Neol Davies was an important part of the two-tone ska movement of the '80s with the Selecter. On his 1998 release, Box of Blues, one finds that he has moved away from the ska sound and landed square into the blues zone. With Neol Davies fronting the band on guitar and vocals, one gets to explore the British blues sound at its best. Horace Panter of the Specials and General Public joins Neol Davies by filling in the bass chops. Anthony Harty rounds out the trio, sitting in on drums. Anthony Harty, from Paul Weller and Simon Hickling's band the DT's, is a former bassist turned drummer. At age 31, he may appear young alongside veteran Neol Davies, 46, and Horace Panter, 45, but when he was just 16, Paul Weller thought him good enough to summon him from Coventry, England, to join the Style Council.
The Selecter was once the biggest thing in pop. One day the landlord of the Nag's Head in Nuneaton, England, took a call from some guy called Horace Panter, who said he was looking for a venue for a new band called Box of Blues with Neol Davies. He told the landlord they could send him a CD. The landlord said that he would have to see them perform first, because some bands just can't cut it on stage. Horace Panter, former bass player with the Specials, put down the receiver, shook his head and began to laugh. He admits it was hilarious, but also a bit humbling. As recently as the early '90s, he had played in front of 23,000 people in Madison Square Garden, New York.
He was with the Special Beat at that time and they were supporting Sting. If one goes further back to the late '70s and early '80s, the Selecter and the Specials were in the vanguard of the two-tone ska movement that briefly took Coventry, then Britain, and finally the world by storm. By Christmas of 1979, when they had played before a wildly celebratory crowd at Coventry Locarno, they were already big. Still to come were their number one hits, "Too Much Too Young" and "Ghost Town." "Ghost Town" was written by Jerry Dammers, the former art student who was the creative force behind the Specials. The British ska music he orchestrated was a fusion of reggae with raw punk, black and white music blended together, performed by black and white musicians. This is where two-tone ska originated, the record label he managed to split off from Chrysalis to promote not only the Specials and the Selecter, but also similarly minded bands like the Beat and Madness. The National Front and the British Movement were particularly hostile at the time, and skinheads took every opportunity to cause trouble at the shows. Neol Davies likes to think that they stood up to be counted. Nothing changed things completely, but two-tone ska had its place alongside other movements that tried to help black and white people live harmoniously.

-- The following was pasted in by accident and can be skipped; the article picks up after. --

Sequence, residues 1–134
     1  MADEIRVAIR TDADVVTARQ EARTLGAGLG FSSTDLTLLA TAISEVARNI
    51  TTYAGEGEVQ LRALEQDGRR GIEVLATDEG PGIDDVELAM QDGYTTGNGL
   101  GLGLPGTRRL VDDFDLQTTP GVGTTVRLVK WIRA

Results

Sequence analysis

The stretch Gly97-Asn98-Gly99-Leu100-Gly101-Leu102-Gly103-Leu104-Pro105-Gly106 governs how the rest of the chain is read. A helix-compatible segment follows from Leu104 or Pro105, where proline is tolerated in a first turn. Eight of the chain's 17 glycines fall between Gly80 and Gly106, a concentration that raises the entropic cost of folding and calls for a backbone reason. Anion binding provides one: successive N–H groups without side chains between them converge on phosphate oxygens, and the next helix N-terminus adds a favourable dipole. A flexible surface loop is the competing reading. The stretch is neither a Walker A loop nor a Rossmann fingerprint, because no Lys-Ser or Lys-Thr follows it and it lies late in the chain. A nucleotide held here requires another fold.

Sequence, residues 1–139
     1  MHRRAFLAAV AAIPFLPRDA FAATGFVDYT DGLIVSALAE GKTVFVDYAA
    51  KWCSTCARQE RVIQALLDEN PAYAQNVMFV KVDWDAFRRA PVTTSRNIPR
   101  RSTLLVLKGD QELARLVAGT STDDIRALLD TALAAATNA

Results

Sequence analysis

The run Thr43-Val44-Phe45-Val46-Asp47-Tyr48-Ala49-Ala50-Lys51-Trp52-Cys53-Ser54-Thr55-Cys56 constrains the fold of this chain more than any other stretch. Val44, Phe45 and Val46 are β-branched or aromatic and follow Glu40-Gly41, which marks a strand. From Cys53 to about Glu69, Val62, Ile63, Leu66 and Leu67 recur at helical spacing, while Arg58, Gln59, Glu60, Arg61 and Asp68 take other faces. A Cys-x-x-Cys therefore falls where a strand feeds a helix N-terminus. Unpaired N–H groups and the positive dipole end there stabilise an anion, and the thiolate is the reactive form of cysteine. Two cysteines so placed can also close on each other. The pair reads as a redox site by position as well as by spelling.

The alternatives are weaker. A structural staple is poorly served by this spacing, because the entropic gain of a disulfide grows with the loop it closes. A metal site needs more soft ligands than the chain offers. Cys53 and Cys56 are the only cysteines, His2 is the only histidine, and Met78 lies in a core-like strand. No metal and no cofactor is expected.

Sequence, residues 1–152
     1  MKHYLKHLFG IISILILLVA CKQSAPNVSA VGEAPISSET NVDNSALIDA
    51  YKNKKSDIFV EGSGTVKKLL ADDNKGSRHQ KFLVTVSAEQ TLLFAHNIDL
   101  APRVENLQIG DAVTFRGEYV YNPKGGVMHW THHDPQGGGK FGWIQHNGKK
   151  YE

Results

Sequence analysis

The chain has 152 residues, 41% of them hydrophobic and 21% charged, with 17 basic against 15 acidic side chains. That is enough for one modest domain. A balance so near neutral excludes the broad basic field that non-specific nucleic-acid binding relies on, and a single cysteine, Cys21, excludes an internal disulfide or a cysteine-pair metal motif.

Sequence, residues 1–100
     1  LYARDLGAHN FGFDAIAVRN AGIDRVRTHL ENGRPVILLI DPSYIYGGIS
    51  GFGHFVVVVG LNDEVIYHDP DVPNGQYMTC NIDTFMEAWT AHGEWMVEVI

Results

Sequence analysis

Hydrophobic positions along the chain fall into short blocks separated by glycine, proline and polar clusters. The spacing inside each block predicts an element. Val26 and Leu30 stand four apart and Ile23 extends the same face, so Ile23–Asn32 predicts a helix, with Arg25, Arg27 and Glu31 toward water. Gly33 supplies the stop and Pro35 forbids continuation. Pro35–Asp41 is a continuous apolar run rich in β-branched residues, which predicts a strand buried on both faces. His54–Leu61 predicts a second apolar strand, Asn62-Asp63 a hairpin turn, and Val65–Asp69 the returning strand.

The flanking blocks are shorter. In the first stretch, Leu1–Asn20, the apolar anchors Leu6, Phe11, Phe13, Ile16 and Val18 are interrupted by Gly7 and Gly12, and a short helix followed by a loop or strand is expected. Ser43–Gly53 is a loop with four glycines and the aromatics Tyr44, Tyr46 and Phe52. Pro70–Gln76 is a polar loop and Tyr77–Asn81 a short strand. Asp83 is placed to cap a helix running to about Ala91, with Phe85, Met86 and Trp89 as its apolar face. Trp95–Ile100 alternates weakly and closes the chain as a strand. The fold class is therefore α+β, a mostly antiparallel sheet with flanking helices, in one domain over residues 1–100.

Horace Panter is in agreement, although he knows that harmony was increasingly rare among the Specials as 1981 progressed. When the split came, it wasn't on racial grounds, Lynval Golding and Neville Staples, both black, formed the Fun Boy Three with the pale and mournful fun boy Terry Hall. The split was almost inevitable, given the external and internal pressures. Whenever they played those big sports halls around London, they would have to stop the show for some fight or another in the audience. What about the fights inside the band? If one were to ask all seven members, one would get seven different answers. They feel that they all owe Jerry Dammers a lot, but there's no doubt that he quickly became disillusioned with all of the rock star stuff.
The same tensions were to resurface in 1994 when, much to Jerry Dammers' disgust, five former members got back together under the Specials name to meet the demand for ska from a new generation of students in the United States. Horace Panter was one of them. After performing on the album, Guilty 'Til Proved Innocent, he returned to Coventry England in 1998, to spend more time with his family. Teaming up with Neol Davies and Anthony Harty has given him the chance to be a musician rather than part of a big, choreographed stage act. Neol Davies is in heaven playing the blues and so is Horace Panter. With ska there was not much room for improvisation. Box of Blues allows Neol Davies to show off his mastery of the guitar and employ an asset that has been underused, his voice. Neol Davies and his two colleagues are enjoying the novelty of playing small, intimate venues again. Far from the land of ska, into a land called the blues, Neol Davies, Horace Panter, and Anthony Harty are welcomed members of the community. The soulful presentation of Box of Blues proves to all that they have found a genre where black and white musicians, like two-tone ska, can and have grooved to the same beat for many years.